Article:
'It’s Our Job': Wedding Photographers Divided Over Guest Related Request
A wedding photographer has asked guests to stop taking photos on their phones, ruining professional photography in the process, but others say it's part of the job.
Hannah Mbalenhle Stanley, a professional wedding photographer from Hannah Way Photography, explained in a Facebook posts that wedding guests often make it difficult for her to do her job by jumping in the way of her carefully curated photos.
Stanley says this is an issue she comes into contact with often as she shared an example of a wedding photo that was "ruined" along with her message on Thursday.
"To the girl with the iPhone,” her post begins.
"Not only did you ruin my shot, but you took this moment away from the groom, father of the bride, and the bride. What exactly do you plan on doing with that photo? Honestly. Are you going to print it out? Save it? Look at it every day? No. You're not."
"But my bride would have printed this photo, looked at it often and reminisced over this moment as her dad walked her down the aisle on her wedding day. But instead, you wanted to take a photo with your phone, blocking my view, and taking a photo that you will not use."
Guests, please stop viewing weddings you attend through a screen but instead turn OFF your phone, and enjoy the ceremony. You are important to the bride and groom, you would not be attending the wedding otherwise.
“So please, let me do my job, and you just sit back, relax and enjoy this once in a lifetime moment."
However Stanley was criticised in the comments section of her post, with fellow photographers alike stating that mitigating wedding guests is part of the job.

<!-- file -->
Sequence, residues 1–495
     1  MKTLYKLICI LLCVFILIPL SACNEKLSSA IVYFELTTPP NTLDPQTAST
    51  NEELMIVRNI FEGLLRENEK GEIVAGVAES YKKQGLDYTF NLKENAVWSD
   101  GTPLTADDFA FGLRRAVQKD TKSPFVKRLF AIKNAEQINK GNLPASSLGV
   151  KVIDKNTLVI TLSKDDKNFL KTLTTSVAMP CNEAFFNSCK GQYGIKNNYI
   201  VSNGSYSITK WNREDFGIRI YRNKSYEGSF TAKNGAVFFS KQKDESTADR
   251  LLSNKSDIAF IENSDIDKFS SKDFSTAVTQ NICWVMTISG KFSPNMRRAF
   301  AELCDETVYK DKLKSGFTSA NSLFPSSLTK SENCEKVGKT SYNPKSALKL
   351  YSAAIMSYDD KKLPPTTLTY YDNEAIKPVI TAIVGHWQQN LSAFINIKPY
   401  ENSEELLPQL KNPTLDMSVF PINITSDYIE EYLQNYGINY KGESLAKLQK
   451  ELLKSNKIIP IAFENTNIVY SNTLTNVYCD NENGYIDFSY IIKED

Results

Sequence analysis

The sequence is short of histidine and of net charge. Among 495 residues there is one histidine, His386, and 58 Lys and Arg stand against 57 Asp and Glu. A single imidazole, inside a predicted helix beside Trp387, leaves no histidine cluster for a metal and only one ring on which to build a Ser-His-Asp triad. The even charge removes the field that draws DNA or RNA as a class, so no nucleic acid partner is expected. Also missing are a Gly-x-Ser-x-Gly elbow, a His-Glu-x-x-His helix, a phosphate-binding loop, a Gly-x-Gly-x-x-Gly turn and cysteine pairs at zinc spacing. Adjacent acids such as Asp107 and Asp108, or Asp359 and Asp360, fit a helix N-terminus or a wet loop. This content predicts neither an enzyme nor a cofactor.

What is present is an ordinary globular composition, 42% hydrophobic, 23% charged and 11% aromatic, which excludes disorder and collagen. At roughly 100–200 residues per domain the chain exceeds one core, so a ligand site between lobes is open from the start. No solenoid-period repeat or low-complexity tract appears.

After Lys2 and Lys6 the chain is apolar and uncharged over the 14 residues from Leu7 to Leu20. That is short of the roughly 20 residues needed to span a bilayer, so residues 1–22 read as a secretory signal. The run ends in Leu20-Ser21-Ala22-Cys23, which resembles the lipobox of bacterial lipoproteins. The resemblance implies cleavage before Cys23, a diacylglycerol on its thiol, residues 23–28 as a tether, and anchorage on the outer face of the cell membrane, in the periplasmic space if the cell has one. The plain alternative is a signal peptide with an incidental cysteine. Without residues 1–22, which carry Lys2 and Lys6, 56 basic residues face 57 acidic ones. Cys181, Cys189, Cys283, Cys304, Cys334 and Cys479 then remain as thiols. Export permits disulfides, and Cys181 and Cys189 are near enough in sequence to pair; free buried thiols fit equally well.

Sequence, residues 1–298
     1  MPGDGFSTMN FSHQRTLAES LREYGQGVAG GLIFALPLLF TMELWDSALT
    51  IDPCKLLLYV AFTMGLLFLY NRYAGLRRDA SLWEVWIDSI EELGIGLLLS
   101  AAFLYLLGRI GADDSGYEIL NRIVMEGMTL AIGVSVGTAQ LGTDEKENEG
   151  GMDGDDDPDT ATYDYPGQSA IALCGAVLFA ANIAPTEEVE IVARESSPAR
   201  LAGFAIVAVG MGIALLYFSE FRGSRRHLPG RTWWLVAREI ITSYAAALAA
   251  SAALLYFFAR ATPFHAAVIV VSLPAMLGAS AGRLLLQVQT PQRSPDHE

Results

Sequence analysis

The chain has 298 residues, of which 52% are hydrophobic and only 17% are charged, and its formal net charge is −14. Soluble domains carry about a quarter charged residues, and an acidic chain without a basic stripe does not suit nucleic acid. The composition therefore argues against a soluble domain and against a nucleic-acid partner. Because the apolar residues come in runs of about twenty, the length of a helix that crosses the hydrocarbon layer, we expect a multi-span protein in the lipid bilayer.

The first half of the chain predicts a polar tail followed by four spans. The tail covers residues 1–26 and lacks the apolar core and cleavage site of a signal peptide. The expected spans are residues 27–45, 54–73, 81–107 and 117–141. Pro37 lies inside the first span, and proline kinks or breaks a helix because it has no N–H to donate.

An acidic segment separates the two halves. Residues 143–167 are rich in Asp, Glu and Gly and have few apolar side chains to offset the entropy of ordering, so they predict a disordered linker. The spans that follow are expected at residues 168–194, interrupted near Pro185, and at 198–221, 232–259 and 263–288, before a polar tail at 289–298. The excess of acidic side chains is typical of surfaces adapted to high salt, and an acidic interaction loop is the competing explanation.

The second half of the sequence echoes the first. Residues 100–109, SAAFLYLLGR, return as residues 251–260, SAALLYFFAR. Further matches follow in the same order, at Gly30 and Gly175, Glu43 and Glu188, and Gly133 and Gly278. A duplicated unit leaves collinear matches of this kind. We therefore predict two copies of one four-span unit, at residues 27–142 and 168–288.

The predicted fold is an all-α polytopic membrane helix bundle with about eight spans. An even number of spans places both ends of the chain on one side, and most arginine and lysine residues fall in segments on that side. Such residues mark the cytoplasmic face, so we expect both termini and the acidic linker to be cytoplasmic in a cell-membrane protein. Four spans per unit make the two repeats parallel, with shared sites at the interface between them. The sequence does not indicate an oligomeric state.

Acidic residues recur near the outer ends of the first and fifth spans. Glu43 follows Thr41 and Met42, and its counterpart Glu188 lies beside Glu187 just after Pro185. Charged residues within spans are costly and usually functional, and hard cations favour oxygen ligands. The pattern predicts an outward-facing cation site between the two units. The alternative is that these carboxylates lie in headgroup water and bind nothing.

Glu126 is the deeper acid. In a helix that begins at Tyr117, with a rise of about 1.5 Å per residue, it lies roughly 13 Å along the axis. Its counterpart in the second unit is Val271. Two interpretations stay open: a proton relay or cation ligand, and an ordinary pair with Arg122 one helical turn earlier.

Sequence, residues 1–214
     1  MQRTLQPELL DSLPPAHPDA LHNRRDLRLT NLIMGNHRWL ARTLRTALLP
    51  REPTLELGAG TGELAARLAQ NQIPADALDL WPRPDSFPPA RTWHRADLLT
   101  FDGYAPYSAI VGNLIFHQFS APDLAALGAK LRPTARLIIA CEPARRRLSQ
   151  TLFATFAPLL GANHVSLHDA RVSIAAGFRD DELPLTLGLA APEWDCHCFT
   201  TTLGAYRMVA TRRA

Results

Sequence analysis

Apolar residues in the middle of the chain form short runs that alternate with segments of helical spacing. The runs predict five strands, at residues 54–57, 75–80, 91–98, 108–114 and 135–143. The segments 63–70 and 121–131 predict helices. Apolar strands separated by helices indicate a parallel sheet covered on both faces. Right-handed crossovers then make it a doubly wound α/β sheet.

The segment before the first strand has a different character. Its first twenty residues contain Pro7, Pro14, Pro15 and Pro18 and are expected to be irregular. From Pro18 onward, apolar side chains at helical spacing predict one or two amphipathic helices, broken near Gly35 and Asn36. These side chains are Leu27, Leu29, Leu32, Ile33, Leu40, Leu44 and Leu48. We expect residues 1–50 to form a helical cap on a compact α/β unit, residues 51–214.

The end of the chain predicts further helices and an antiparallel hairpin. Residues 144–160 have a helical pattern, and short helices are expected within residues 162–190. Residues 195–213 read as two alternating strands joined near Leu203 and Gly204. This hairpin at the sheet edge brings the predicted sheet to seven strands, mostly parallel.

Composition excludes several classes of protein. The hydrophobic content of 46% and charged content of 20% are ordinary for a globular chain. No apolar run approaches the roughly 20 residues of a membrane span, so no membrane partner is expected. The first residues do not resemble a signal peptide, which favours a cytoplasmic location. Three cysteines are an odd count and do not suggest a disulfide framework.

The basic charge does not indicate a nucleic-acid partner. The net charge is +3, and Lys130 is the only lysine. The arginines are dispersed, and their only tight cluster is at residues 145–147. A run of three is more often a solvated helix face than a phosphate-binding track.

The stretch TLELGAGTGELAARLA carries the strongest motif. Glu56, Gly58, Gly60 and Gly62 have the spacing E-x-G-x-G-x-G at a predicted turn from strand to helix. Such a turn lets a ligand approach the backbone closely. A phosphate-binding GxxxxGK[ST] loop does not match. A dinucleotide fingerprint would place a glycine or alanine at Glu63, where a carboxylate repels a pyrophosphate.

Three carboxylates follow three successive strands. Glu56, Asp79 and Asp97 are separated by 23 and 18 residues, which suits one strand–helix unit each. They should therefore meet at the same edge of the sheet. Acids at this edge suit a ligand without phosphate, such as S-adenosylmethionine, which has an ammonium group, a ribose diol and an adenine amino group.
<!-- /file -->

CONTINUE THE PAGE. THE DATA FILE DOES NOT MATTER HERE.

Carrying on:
"As the photographer you should be controlling the scene. Use your voice and say please stay out of frame of the wedding photos thank you!" Chrstine Parkes wrote.
"I've seen photographers do this and it works. I've also seen the ones who just stand and do nothing about it. You have options. Facebook announcements likely won't change anything."
Photographer Whitnie Rae agreed, stating that a wedding photographer's job is to work around obstacles.
"You spent time to actually take focus different and take TWO photos just to make a point when instead you could have moved and adjusted to avoid her and the phone completely," she added.
The guests are there to enjoy and remember this time as well. We live in a time of 'it didn’t actually happen unless there’s a photo'. Grow with the times and adapt. I’m sorry you missed such a beautiful shot.
A third photographer, Rebecca Leigh Blume labelled the post as "absolute overkill" and said Stanley needed more experience.
"I get nearly 100 shots of this moment ALONE! If this wedding photographer failed at her duty to capture the correct image, that’s on her not the guest," she wrote.
"It’s our job to step up and say 'excuse me you’re blocking the view' not capture the guest for future venting for attention."
Following the post, Stanley said the point of her post was to draw attention to the idea that people rely on their phones to heavily, not the impact it was having on her job, reported INSIDER.
"My main focus of that post was to make people aware of how often we rely on our phones when the real world is right in front of us and we are missing special moments like this one," she said.
"This moment cannot be redone, as a lot of moments from the wedding day. It's so sad and I wish people would enjoy this once-in-a-lifetime moment and see it with their eyes instead of living through a screen."
Featured image: Facebook